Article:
He was seen wearing hearing aids for the first time at a Palace reception on October 28 2014, when he was 93.
Just ahead of his 95th birthday in June 2016, he pulled out of the Battle of Jutland anniversary events following medical advice, with his son-in-law, Vice-Admiral Sir Tim Laurence, saying he had a “minor ailment”.
Yet the Queen’s official 90th birthday celebrations in June 2016 saw Philip join the monarch throughout a busy few days of festivities, from a service of thanksgiving to Trooping the Colour and a street party in The Mall.
Both the Queen and the duke fell ill with heavy colds before Christmas in 2016, forcing them to delay their trip to Sandringham by a day.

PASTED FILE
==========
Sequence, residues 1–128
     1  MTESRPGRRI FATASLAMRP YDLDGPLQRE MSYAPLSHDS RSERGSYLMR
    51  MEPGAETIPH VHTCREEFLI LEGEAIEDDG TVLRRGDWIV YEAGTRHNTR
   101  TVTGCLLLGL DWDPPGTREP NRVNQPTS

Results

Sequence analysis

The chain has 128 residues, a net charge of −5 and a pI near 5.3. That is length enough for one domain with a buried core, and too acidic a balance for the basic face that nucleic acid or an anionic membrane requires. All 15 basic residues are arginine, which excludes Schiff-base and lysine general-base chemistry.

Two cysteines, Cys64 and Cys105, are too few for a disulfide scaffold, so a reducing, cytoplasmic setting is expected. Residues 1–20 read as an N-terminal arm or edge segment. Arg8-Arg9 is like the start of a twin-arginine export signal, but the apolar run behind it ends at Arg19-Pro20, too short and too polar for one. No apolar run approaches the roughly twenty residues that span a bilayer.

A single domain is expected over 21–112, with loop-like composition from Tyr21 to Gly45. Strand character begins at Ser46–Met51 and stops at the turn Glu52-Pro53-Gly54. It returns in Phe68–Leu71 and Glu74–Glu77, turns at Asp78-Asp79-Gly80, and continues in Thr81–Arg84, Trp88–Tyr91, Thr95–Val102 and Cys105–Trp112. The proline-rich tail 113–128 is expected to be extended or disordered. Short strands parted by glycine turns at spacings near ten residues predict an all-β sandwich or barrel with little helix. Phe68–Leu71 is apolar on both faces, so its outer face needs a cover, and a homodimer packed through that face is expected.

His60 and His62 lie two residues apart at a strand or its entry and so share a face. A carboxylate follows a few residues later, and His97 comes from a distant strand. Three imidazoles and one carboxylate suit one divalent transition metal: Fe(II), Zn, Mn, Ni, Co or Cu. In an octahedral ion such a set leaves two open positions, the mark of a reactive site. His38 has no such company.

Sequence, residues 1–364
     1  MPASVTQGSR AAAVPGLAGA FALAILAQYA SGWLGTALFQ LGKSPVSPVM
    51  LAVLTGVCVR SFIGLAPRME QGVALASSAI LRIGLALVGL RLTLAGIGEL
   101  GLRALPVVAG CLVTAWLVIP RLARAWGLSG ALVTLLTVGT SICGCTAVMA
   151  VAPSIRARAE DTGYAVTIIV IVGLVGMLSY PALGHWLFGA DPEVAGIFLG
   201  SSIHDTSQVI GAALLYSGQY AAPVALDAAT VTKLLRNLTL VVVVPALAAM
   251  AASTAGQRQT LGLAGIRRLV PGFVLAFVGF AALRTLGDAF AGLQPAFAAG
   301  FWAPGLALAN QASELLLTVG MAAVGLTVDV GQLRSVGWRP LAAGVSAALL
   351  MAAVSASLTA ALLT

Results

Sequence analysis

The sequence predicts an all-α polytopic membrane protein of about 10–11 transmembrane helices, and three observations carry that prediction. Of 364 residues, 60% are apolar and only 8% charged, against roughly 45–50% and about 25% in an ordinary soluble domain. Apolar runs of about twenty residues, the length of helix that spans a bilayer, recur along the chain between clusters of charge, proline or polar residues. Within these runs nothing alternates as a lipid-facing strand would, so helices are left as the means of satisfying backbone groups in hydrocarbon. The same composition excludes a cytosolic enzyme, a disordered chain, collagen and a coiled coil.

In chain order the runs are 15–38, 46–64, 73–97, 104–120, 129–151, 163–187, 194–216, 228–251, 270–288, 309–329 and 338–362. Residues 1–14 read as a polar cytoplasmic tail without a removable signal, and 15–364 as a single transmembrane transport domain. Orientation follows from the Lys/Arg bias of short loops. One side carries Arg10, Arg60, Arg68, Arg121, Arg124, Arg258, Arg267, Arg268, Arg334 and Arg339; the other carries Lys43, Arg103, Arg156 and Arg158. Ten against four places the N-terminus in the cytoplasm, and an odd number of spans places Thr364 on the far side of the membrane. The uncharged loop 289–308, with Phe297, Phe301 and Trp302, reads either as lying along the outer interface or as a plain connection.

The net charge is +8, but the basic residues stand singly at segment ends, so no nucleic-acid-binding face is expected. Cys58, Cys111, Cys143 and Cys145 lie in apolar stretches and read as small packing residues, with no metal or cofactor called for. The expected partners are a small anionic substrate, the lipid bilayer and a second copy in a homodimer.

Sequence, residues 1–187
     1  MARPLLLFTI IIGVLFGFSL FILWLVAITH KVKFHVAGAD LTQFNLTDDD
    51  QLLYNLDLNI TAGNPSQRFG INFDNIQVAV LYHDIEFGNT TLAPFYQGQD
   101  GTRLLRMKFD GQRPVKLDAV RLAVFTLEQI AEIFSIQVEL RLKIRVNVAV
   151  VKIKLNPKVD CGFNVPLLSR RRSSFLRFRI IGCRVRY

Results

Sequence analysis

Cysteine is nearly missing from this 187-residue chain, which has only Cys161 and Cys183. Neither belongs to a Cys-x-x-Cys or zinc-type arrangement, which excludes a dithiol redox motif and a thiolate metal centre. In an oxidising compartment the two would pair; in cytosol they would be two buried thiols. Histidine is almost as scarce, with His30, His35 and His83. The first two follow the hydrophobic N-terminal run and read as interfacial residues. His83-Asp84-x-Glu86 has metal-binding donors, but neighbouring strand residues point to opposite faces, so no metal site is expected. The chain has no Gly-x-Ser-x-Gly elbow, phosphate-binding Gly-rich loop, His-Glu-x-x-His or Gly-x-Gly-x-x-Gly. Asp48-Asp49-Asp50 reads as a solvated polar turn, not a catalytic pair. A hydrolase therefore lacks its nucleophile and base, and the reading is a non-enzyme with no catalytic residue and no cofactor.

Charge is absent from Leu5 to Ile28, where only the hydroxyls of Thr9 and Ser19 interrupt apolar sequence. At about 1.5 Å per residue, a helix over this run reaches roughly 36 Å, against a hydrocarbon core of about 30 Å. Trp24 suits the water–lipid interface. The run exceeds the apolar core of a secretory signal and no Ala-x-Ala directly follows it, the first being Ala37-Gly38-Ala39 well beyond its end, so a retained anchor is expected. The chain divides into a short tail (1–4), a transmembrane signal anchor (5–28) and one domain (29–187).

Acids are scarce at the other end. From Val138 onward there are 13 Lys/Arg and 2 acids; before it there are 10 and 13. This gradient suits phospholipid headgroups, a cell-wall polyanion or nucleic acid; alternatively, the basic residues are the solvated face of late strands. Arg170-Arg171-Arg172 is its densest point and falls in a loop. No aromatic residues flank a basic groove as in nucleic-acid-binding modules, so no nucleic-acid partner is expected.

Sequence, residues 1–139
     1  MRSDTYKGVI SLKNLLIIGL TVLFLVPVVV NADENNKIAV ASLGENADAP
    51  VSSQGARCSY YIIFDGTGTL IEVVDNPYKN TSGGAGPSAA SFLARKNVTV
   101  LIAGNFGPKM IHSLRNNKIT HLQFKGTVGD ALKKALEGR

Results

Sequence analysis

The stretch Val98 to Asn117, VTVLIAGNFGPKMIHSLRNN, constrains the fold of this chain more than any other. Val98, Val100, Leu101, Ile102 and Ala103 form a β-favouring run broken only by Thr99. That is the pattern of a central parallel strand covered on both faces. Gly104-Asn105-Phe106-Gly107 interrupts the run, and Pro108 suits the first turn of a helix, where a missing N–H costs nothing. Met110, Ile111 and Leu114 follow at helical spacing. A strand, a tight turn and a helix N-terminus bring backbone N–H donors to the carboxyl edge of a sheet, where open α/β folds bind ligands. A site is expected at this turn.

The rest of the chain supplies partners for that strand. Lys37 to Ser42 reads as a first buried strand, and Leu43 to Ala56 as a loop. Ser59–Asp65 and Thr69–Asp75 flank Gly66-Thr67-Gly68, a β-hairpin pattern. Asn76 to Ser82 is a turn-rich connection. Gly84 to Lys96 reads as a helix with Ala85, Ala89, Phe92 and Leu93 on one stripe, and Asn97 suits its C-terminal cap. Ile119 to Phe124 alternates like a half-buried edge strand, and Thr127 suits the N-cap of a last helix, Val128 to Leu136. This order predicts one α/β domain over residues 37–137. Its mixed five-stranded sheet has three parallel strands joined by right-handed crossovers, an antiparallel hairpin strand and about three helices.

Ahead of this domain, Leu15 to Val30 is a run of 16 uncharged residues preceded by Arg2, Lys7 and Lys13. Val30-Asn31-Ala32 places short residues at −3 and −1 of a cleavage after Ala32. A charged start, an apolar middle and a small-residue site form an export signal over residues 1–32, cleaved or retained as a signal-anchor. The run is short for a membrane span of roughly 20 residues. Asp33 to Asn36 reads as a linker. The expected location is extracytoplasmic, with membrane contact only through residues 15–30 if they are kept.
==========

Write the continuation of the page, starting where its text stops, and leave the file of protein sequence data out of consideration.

But while the Queen was not well enough to attend the Christmas Day church service or the New Year’s Day one, Philip went to both.
The Duke finally retired from public duties in 2017, but the decision was not made for medical reasons.
Philip simply wanted to enjoy more of his leisure time.
Just a few days after Buckingham Palace announced his retirement, the duke, then 95, was out and about carriage driving at the Royal Windsor Horse Show.
He turned 96 in June 2017 and a week later helped the Queen celebrate her official 91st birthday at the annual Trooping the Colour parade.
On June 20 2017, he spent the day at Royal Ascot, where temperatures were so sweltering that the dress code in the Royal Enclosure was relaxed for the first time.